We also develop Phosphonate analogues of -Ketoacids as Mechanistic Probes of -Ketoacid Dehydrogenase Complexes and Aminotransferases. This project focuses on the preparation of phosphonate analogues of the a-ketoacids. Our group has experience in the preparation and utilization of phosphonates in a number of applications ranging from the inhibition of the -ketoglutarate dehydrogenase complex, the branched chain dehydrogenase complex and branched chain amino acid transaminases. Our group focuses on the preparation of the small molecules and collaborates with a number of groups in the screening to the novel small molecules including Arthur J. L. Cooper (New York Medical College), Gary Gibson (Weill Medical College of Cornell University), Kenneth Hensley (University of Toledo), Hui Feng (Boston University School of Medicine).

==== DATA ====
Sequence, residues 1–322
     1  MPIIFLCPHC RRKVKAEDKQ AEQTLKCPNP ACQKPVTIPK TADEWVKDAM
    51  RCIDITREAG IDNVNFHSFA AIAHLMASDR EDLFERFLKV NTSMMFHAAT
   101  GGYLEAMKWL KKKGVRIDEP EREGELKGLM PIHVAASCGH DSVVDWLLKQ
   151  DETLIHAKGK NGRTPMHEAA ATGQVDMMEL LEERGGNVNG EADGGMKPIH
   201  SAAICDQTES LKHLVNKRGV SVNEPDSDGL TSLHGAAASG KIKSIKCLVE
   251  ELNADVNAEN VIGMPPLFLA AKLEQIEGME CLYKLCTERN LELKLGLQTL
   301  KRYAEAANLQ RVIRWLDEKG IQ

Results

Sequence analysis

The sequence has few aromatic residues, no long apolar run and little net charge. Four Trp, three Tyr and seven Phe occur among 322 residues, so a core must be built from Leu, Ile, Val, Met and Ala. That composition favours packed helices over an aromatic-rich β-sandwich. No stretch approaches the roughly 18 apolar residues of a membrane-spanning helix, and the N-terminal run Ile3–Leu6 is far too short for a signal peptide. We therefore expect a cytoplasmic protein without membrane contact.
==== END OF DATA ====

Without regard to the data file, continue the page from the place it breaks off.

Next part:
Development of stable isotope analogues of medicinally relevant compounds for use in analytical chemistry. Using our experience in synthetic organic chemistry, we have made and are in the process of making more stable isotope isoforms of small molecules of therapeutic interest. Besides having our own research programs, we are always open and available to help out in the preparation of any small molecule or macromolecule, which may prove beneficial to our companions in science.

Selected Publications
Tsikas D, Denton TT, Cooper AJ. Comment on Absorption of Aminoethyl Cysteine Ketimine Decarboxylated Dimer in Mice: Effect on Plasma Antioxidant Potential. J. Agric. Food Chem. 2013, 61 (25), 6122–6124.